Comedy’s carved out a much more nuanced portrait of the reality of race relations than many of the “conversations on race,” invoked by political leaders and commentators. There’s no single discussion, and no easy strategy, that can extricate us from our racial politics, racial history, and the social and financial economics of racial privilege. But rather than condemning advocates of racial equality as “race-baiters” and presenting white people as severely put-upon, or suggesting that the only solution to allegations of racial bias is self-mortification, comedy’s able to present a much more richly human and historically-conscious dynamic of racial discourse.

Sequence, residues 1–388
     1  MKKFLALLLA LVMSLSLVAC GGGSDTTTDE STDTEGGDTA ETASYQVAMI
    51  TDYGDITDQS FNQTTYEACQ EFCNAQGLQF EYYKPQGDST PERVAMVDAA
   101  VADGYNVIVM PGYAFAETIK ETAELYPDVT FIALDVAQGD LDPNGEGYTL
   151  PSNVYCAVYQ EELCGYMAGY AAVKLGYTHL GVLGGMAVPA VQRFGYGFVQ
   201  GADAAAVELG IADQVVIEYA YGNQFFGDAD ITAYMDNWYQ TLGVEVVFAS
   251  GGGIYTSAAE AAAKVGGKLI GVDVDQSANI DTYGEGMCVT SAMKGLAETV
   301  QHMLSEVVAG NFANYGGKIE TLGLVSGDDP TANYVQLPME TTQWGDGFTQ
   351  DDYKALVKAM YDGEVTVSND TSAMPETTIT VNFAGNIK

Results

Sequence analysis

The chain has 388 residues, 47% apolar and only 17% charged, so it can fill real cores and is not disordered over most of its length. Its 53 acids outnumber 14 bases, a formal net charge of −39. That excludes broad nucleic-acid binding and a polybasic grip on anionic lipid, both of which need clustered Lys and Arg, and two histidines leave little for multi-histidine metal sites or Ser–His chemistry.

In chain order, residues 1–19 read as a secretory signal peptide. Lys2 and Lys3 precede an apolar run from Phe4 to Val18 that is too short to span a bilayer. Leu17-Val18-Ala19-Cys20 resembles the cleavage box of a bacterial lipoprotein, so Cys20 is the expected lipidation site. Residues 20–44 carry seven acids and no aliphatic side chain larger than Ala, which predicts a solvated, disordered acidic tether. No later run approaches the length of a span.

In The Mindy Project, the midwives are right that Mindy has less than admirable racial views, but she’s obnoxious in a different way than their allegations suggest. Alpha House‘s Robert Bettencourt would probably get himself in trouble by invoking race to try to blunt an ethics investigation, but that doesn’t mean that there’s no occasion on which race might be a useful political tool for him. And Ken Hotate is absolutely right about Pawnee’s genocidal history and anxious present, and Leslie is also correct to cut a reasonable deal with him. Our political conversations about race tend to dissolve into mutual recrimination that ends with everyone in the same place where they began. But in these sitcoms, when it comes to race and allegations of bias, everyone gets a chance to be right, and our view of the world is more sophisticated for it.